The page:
Tell the Associated Press that no human being is “illegal”

I’ve written before about efforts led by the Applied Research Center to have people, especially journalists, stop calling undocumented immigrants “illegal.” One of the main influences on the language that journalists use is the Associated Press Style Book.

I posted a tweet from them in July 2010 post illustrating their position on the issue:

Tweet from AP Style Book that reads "Illegal immigrant is the preferred term for someone who has entered the country illegally. Do not use an illegal."

The immigration debate in this country has become laden with hatred and zenophobia. A person’s actions may go against the law, but they themselves are never illegal. This video from the Drop the I-Word campaign illustrates exactly how language like “illegal” promotes hate:

Transcript here.

According to ARC and Colorlines, the AP Stylebook updated their edition last week, and left this policy intact. But they are already looking toward their next edition, and now is the time to ask them to Drop the I-Word.

Directions for taking action are here. The deadline is today, so do your part to remove this harmful language from our media.

Join the Conversation

  • Ellen

    I just wanted to let you know that the proper word is “xenophobia”.

  • cliff arroyo

    Would you prefer ” criminal ” ? Works for me. “Criminal immigration has increased.” “Four criminal immigrants were detained.”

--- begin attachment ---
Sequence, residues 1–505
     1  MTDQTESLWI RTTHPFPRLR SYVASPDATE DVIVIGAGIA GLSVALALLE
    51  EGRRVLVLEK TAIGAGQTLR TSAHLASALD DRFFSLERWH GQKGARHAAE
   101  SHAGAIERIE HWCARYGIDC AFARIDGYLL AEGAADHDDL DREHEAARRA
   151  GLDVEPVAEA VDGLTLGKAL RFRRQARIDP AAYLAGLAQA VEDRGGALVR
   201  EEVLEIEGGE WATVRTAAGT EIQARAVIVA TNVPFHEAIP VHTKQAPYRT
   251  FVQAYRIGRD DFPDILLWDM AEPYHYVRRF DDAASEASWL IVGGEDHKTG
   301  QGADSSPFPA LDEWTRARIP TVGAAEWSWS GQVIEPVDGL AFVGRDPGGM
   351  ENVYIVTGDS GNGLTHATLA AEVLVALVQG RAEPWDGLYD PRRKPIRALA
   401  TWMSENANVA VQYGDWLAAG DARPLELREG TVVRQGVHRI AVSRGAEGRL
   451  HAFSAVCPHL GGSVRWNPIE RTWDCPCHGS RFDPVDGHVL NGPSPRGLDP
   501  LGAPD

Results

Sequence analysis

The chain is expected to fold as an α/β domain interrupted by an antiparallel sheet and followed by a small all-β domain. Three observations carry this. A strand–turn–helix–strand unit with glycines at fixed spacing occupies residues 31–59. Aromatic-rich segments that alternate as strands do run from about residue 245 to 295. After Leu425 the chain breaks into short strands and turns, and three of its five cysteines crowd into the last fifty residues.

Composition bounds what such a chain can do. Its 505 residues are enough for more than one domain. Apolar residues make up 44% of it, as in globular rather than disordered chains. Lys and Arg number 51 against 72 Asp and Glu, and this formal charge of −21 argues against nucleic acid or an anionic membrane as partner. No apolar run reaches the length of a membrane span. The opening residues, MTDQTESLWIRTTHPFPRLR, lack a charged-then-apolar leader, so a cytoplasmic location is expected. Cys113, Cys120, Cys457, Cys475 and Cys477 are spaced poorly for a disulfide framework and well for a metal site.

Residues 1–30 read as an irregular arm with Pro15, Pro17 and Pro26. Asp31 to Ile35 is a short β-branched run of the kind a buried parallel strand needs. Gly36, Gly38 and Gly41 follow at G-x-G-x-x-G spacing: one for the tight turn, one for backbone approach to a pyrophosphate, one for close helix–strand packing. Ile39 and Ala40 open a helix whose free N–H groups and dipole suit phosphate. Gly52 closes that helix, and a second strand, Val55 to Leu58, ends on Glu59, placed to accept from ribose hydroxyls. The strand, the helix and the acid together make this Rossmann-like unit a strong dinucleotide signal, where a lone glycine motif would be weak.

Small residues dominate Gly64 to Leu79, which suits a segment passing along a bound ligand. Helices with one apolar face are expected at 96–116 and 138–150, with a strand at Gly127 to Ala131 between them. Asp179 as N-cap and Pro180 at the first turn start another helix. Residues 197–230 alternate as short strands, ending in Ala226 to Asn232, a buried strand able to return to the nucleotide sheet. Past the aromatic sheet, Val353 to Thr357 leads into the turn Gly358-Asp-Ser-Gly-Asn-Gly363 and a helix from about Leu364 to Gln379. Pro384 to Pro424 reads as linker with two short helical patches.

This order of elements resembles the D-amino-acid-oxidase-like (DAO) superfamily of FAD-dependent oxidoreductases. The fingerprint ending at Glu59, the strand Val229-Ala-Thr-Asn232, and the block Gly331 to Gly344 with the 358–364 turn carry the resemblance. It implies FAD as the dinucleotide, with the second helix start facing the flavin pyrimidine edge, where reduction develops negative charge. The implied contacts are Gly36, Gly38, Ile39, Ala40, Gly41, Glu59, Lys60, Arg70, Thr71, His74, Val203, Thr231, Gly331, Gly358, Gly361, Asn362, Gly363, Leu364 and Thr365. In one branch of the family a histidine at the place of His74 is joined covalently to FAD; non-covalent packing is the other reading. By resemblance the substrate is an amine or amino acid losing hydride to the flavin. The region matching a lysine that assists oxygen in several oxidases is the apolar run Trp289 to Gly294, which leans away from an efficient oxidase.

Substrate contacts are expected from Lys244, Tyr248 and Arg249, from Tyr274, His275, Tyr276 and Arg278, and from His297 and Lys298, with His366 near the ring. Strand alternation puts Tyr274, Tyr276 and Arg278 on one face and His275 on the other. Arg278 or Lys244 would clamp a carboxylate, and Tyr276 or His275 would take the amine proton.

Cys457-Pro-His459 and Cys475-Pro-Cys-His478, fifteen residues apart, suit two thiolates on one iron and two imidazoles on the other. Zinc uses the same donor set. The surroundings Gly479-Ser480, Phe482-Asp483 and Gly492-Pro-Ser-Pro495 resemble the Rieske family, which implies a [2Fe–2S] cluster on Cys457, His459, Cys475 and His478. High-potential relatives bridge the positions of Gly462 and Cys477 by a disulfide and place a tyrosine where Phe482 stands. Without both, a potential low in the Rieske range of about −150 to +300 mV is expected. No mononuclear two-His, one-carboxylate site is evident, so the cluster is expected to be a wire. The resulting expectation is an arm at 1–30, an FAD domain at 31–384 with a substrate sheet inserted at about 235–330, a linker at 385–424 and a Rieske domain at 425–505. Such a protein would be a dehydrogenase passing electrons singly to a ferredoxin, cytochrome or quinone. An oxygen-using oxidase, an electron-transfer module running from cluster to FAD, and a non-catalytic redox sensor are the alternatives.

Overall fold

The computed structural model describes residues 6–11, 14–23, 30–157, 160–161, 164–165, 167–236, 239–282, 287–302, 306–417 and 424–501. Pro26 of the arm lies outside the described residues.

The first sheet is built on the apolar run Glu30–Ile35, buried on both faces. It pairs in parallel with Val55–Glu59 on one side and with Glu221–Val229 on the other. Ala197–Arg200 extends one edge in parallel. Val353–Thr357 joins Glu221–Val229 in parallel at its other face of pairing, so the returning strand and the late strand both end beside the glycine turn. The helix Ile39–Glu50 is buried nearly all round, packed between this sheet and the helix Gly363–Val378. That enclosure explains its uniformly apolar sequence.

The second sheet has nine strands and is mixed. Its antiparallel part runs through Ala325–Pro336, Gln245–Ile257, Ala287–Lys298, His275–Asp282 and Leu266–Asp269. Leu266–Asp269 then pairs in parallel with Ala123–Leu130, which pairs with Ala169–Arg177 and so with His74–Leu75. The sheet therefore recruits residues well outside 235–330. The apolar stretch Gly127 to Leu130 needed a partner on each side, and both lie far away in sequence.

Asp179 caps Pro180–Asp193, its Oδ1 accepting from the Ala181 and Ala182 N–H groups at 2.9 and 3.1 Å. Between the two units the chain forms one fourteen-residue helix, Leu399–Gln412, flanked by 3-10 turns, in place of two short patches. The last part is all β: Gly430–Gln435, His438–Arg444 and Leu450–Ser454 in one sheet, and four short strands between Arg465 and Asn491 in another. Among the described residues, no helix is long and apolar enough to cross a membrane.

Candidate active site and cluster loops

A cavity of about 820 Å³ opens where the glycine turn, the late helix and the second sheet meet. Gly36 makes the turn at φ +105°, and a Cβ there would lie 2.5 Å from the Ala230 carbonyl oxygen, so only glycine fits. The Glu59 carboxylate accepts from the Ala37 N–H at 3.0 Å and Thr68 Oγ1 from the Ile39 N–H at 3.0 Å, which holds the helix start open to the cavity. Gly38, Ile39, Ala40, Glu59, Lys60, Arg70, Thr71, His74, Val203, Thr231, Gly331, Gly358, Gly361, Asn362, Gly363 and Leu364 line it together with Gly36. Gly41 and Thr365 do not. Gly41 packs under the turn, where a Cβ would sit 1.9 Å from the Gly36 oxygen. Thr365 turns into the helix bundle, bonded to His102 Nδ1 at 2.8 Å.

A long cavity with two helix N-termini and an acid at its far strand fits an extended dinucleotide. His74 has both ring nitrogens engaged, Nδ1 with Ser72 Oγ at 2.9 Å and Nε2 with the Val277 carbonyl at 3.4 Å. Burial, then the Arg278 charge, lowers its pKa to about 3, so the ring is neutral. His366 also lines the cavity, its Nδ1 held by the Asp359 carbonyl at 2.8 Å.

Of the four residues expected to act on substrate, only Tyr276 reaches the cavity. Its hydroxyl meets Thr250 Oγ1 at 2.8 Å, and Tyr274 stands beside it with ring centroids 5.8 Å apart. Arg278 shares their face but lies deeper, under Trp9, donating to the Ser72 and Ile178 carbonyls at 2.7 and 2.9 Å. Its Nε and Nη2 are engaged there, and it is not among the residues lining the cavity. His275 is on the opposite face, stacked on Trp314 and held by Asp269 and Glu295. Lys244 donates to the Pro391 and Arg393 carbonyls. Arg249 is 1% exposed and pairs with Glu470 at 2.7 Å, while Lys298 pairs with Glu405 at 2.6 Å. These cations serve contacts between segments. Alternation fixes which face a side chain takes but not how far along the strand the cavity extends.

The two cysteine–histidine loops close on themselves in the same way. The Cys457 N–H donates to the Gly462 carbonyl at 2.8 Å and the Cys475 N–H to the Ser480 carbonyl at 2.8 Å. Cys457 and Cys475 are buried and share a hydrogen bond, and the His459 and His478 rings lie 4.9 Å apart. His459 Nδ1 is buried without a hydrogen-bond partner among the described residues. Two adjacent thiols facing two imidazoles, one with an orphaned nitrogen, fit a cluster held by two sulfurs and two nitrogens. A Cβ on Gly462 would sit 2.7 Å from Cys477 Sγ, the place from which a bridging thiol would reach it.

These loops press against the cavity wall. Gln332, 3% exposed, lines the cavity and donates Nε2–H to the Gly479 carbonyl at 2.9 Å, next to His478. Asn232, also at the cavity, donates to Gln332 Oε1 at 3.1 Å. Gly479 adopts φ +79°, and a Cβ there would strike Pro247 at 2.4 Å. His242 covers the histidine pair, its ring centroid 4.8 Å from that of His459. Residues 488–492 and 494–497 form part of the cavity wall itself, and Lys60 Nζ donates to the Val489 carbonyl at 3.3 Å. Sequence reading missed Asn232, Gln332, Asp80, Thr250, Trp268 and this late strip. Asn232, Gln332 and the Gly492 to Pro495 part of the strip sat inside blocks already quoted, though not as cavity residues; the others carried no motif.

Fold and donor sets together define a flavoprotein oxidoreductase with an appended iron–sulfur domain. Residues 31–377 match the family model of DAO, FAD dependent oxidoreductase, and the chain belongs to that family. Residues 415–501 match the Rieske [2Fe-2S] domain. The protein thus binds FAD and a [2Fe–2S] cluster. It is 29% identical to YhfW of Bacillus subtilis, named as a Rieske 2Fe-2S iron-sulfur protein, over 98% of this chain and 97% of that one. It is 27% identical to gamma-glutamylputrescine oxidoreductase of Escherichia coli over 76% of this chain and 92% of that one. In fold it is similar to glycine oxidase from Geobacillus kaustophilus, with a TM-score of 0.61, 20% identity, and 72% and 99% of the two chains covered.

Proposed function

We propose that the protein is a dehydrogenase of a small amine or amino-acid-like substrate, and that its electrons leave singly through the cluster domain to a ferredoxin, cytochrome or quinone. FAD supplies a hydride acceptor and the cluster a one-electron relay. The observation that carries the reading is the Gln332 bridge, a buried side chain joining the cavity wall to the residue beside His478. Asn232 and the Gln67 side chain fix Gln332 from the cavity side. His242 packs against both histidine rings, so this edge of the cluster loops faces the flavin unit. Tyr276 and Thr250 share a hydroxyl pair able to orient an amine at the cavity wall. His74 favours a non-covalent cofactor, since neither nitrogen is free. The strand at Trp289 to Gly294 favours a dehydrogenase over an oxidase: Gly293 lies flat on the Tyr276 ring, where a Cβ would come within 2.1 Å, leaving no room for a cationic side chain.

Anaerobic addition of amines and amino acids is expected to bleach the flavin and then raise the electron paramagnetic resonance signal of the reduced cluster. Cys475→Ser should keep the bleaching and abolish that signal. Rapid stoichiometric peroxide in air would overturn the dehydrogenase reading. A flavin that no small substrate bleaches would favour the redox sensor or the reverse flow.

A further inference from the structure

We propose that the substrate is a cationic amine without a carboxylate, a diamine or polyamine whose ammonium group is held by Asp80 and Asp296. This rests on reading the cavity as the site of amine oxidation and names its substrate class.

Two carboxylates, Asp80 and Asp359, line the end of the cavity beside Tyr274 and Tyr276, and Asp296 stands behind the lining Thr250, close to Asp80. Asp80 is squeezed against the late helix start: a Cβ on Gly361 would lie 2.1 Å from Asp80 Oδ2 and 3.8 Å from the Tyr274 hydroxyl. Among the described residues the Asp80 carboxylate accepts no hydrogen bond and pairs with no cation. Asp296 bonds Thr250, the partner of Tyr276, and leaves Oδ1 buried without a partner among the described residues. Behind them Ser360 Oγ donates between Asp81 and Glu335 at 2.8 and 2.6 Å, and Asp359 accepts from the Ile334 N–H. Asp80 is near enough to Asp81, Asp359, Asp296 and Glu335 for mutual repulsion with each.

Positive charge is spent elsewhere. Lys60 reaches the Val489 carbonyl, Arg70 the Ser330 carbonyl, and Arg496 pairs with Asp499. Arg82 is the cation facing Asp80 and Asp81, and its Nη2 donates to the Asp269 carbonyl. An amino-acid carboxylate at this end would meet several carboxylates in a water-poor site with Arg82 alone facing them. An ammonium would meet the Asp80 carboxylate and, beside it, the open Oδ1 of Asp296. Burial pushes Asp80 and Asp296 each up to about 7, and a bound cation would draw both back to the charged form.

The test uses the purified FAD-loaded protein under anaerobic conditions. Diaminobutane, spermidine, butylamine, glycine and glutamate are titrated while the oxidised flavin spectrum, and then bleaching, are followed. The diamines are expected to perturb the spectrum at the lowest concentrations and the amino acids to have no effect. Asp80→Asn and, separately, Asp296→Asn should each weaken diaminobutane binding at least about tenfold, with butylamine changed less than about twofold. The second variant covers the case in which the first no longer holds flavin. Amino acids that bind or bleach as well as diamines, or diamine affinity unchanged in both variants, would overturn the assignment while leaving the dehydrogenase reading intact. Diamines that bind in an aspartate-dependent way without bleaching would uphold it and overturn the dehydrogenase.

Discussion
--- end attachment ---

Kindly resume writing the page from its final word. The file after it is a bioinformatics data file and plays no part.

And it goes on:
Technically a person who has crossed a national border in violation of the relevant laws has broken the law and ways of referring to them need to take that into account.

    I’m not in favor of any terminology that denies the agency of a person who crosses a border in violation of the law (for whatever reason).

    I have a lot of sympathy for the children who are in legal limbo because of their parents’ actions but I’m not in favor of pretending the parents are simply “undocumented” (which implies they are in no way to blame for their childrens’ problems). I’m all in favor of something being done to address their situation.

    FTR: I live outside the US (and have for many years). There was even a relatively short time where my stay was not %100 legally kosher (due to massive political changes that took several years to get sorted out in the legal system). As soon as the legal system did stabilize I legalized my stay. So I don’t think I’m especially xenophobic or anything.

    But if your real goal is Schengenize the US-Mexican border then at least have the courage of your convictions to say so.